It turns out, building robots is hard

even if you are only building them in a game.

Recently, I play-tested AI Escape (working title) in it’s most recent form, which was unfortunately incomplete. The issues that kept coming up with the game are as follows:

  • Since the players were unfamiliar with the materials of the game, a master list of all the characters available should be included in the game. Whether as part of the game instructions, on a separate playing card like in Coup or a list for the players to share has yet to be determined.
  • Chris’s suggestion that each character card be able to fulfill a robot build component means that I still need to determine what component each character corresponds to. I have since decided to scratch component cards completely and simply have character cards with the associated component listed below the design art under as a part of the character’s attributes.
  • The problem of the mechanic that you cannot discard characters as this means an AI cannot be discarded. This needs to be stated upfront. Discards add an interesting element of variation to players’ hands however I have yet to determine how I can utilise it in my gameplay. I cannot keep track of how many decks are involved! (This is a problem in and of itself.)
  • There needs to be an incentive for lying. One player took it upon himself to bluff for the sake of bluffing and to satisfy the game’s mechanics. Unfortunately, the players’ lack of understanding of the game meant that perfunctory bluffing actually inhibited gameplay.
  • Perhaps as a product of the lack of incentive to lie, the game was actually not that enjoyable. I think this is because it has been bogged down in technical knowledge (jobs and components required to achieve the build as an example).

I have since decided to revisit the first proposed game idea – the conversation game in which each player is given a particular set of cards that prescribe what they can or can’t say based on human and/or AI attributes. The original post was entitled “We Are Dancers” and this will be the working title for the game. Brainstorming with Talen Lee we considered the idea of foregoing prescriptive words and using emojis instead. I like the ambiguity of this idea. I like how it links back to digitisation and cybercultures through the use of iconic symbols people encounter every day. I also like the possibility of players trying to interpret emojis from a machine’s perspective.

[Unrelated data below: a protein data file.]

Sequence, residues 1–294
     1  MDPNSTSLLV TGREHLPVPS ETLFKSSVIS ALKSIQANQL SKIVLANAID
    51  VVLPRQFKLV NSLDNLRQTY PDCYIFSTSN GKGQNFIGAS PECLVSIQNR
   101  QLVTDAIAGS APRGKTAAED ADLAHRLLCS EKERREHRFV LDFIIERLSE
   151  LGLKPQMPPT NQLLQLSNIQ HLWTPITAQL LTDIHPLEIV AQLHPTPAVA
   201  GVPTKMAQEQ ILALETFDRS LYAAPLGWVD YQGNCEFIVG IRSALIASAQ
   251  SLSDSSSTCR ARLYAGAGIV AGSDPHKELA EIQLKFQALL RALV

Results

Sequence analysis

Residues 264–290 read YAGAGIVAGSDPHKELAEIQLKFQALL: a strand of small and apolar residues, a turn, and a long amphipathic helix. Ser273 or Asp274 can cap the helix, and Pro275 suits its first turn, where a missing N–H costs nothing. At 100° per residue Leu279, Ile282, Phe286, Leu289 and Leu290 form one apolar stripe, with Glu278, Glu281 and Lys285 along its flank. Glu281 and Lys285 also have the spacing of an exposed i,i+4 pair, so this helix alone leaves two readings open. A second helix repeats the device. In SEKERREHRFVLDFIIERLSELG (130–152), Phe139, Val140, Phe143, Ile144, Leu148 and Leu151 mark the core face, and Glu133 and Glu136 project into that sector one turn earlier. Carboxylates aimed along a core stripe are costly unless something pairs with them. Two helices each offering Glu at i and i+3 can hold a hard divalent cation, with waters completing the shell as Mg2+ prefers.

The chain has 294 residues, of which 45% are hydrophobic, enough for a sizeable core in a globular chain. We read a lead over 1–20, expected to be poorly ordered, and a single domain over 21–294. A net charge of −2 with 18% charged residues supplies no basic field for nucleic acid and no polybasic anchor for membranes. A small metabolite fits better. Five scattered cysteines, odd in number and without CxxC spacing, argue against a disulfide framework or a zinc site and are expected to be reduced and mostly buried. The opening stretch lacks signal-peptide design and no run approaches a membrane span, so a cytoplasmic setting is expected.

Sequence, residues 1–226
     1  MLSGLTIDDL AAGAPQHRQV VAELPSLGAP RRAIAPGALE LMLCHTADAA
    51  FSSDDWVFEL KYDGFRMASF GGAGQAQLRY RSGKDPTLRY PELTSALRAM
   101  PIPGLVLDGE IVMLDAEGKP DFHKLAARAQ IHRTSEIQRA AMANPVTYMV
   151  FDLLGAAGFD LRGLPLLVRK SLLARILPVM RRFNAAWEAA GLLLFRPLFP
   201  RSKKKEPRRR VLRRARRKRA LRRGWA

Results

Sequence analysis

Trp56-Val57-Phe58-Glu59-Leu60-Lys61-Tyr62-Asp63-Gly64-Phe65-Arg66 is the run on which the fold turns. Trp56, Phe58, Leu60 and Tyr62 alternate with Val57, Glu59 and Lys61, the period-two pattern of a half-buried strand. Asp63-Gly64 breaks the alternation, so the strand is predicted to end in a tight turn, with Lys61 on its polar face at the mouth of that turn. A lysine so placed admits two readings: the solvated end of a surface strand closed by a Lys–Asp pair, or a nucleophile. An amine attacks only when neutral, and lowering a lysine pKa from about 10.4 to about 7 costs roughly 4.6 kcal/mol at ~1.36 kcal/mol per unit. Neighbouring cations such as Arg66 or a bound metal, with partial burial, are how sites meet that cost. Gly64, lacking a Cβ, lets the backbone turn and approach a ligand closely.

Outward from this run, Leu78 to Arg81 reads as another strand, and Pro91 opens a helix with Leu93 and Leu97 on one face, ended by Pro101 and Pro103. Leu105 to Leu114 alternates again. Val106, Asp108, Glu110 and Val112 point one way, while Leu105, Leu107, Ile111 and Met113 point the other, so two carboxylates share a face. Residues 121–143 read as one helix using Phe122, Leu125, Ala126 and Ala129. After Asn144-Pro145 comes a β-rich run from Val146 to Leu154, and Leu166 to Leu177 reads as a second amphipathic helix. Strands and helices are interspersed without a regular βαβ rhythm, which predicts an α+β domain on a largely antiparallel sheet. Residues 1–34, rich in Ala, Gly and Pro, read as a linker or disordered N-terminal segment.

A variation on this idea is the inclusion of several AI characters as the specific attributes for conversation based on my research into various weak AIs (bots and personal assistants mostly) currently active or in production, for example, SIRI, Tay, Watson. I envisioned something like the Mad Hatter’s tea party from Alice in Wonderland. There would be an “Alice” player significantly outnumbered by AI players, all trying to interact with each other. It has occurred to me this could work like Cards Against Humanity with a stimulus card and individual characters’ responses (either prescribed on a single card and open to the player’s interpretation or given individual decks – the former option is much more affordable in production.)

My next post will focus on this new game idea, trying to incorporate whatever elements I can from the previous game idea and most importantly, production costs, budgeting, marketing and all that ugly reality stuff.

3 thoughts on “It turns out, building robots is hard

  1. Purely from the perspective of a game developer, this is fantastic.

    I’m serious: You had a design, and a playtest session, and you wound up with SO MUCH DATA about what wasn’t working, about what you didn’t WANT to do, and what went wrong with it. This is really great.

    Particularly of note is you noting that you made the game too detailed, too oriented towards the specifics of each character’s technical skill. You have a great degree of informational fidelity; that’s good! But the result is that information gets in the way of the game, which means you’re not really teaching or informing.

    Basically, big thumbs up: You had a failure and you learned a ton from it. You’re great and you should be proud of it.

    Liked by 1 person

Leave a Reply

Fill in your details below or click an icon to log in:

WordPress.com Logo

You are commenting using your WordPress.com account. Log Out /  Change )

Google+ photo

You are commenting using your Google+ account. Log Out /  Change )

Twitter picture

You are commenting using your Twitter account. Log Out /  Change )

Facebook photo

You are commenting using your Facebook account. Log Out /  Change )

Connecting to %s